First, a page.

While the last 19 months haven’t been great by any means, Dori Weinstein used it for good: She finished her fourth book. The latest installment in the YaYa and YoYo series, In A Latke Trouble, was published last month.
“I’ve been productive during this pandemic,” she said. “What else am I going to do? I’m going to write books.”
Weinstein is holding an outdoor book release party on Sunday, Oct. 17, at the Hennepin County Library in St. Louis Park (3240 Library Lane), from 1:30-3 p.m. If the weather isn’t good, the event will move inside to the meeting room, where participants will need to be masked. Weinstein will be selling and and signing books, as well as doing a reading from the book.
The series chronicles twin siblings Ellie (YaYa) and Joel (YoYo) Silver, who get their nicknames from their Hebrew names: Yael and Yoel. After tackling Rosh Hashanah, Sukkot, and the Jewish wedding and its rituals in the first three books, Weinstein has moved on to Hanukkah.
“I started brainstorming when I finished the last one, which was in 2017,” she said. “I knew this was going to be a fun one — it’s about Hanukkah and there is plenty of stuff. I had a lot of downtime, a lot of moments looking blankly at that computer screen, or heading in one direction and just not liking where it was going.”
Weinstein is a specialist at the JCC early childhood center at the Sabes Center Minneapolis and the Aleph School preschool at Beth El Synagogue. But during the pandemic, neither had her come in — which she both understood was OK with. The open time in the schedule is what allowed her to focus and finish up the book.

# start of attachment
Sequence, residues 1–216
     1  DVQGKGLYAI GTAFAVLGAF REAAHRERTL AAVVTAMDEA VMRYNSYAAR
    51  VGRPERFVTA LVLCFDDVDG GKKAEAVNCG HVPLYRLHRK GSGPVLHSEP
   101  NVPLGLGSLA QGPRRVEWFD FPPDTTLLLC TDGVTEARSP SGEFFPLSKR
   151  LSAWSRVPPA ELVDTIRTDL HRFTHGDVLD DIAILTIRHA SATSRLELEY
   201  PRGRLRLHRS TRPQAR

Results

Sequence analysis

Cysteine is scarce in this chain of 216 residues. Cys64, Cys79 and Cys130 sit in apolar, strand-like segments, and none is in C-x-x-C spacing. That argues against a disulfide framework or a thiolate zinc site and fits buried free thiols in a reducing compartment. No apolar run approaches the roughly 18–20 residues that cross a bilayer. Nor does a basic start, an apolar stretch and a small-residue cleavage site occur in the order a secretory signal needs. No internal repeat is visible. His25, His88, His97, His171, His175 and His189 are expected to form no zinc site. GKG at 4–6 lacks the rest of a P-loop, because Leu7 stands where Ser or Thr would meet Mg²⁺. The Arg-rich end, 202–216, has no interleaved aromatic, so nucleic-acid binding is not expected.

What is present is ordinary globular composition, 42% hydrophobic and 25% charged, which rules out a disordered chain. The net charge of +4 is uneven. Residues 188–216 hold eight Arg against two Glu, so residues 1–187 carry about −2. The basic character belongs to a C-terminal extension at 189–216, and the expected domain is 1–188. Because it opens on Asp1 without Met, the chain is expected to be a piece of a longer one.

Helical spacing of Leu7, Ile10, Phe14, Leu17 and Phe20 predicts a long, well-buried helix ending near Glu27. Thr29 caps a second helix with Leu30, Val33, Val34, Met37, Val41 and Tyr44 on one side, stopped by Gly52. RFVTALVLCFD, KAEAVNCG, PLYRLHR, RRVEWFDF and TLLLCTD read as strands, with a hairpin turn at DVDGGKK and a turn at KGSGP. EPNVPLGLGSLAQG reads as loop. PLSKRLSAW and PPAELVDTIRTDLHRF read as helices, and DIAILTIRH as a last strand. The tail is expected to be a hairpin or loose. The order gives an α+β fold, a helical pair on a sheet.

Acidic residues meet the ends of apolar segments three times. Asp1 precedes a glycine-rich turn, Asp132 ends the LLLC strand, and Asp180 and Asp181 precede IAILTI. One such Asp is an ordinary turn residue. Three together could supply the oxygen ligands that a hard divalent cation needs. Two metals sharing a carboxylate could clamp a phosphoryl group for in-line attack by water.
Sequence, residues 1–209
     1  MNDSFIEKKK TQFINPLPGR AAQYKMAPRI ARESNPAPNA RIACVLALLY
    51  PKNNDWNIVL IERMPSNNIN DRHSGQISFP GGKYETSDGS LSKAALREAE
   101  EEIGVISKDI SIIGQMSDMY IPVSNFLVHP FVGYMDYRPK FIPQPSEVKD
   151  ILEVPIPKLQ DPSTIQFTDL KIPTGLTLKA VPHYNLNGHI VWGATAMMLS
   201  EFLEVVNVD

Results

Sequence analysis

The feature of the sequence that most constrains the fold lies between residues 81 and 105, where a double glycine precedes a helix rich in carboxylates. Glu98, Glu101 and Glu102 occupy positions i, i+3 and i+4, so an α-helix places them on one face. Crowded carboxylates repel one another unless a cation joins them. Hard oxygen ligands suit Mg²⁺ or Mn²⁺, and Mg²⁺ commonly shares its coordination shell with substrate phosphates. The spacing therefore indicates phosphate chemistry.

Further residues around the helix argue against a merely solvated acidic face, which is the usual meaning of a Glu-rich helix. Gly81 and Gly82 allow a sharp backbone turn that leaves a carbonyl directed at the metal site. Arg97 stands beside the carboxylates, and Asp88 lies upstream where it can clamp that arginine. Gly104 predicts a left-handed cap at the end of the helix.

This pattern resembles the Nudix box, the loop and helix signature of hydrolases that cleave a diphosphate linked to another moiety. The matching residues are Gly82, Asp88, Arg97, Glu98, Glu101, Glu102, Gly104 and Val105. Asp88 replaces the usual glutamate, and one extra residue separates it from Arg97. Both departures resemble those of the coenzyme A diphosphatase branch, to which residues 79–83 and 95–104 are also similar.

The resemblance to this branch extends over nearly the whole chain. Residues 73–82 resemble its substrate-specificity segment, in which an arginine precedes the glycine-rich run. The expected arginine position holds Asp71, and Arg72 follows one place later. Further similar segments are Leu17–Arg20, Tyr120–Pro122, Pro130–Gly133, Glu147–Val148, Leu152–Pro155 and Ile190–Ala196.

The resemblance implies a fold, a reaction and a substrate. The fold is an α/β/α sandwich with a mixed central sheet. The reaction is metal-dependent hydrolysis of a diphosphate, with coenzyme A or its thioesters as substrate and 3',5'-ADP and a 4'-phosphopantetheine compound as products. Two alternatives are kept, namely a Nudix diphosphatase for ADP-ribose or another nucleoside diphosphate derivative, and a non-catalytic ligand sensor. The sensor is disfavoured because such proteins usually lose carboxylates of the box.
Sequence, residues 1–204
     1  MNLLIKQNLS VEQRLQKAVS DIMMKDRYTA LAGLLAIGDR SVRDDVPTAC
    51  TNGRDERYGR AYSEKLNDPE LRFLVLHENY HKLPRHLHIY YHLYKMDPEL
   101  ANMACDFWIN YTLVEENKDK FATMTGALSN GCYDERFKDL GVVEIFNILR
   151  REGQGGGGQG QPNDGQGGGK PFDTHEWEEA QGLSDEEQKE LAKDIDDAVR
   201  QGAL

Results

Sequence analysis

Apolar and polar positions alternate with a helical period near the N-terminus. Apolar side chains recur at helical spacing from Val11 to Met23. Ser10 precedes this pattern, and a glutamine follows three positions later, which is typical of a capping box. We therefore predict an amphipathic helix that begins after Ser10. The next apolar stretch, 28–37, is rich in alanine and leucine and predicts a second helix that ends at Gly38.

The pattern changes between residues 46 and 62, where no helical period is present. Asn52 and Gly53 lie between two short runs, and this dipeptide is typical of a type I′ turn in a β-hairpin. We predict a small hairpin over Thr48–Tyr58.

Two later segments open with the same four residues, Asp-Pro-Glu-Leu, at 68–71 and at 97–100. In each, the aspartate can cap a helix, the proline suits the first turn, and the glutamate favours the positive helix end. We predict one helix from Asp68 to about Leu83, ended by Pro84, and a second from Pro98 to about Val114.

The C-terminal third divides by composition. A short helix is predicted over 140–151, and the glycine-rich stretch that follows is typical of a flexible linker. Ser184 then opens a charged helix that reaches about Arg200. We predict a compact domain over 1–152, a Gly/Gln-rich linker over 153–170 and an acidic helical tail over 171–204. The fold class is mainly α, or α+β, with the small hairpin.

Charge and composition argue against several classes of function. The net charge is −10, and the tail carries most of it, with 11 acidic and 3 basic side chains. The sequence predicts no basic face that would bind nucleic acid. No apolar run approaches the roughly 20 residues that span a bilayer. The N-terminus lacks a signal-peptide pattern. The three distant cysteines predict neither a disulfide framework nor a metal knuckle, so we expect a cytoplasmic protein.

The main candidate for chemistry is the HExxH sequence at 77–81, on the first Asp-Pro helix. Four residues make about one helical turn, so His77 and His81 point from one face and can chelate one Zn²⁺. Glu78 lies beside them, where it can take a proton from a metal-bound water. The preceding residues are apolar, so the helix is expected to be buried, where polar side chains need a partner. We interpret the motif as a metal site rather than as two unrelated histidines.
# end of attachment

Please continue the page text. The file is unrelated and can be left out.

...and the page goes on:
The twins in the book are fifth-graders, which puts them right in the intended age range of 8-12 for the book. The books also alternate between which of the twins is the narrator; this book is YoYo’s turn to tell the tale. He leads readers on a story of the peer pressure he faces from his friends at school, and how it merges with the story of Hanukkah he’s learning about how Jews were being pressured by the Greeks to take on their Hellenistic lifestyle.
“I put the two in sync where he’s fighting this pressure and how it must have felt for the Jews at the time,” she said.
Each of the books in the series focuses on something Jewish each month, so her plan is to complete eight more books — unless she combines months along the way.
“Ideally, if I could get it out every year to half or even every two years, would be better than every four years,” she said. “I actually am thinking I might combine some of the months like two summer months, July and August. I might just have them go to camp. So now I’m down to 11 books.”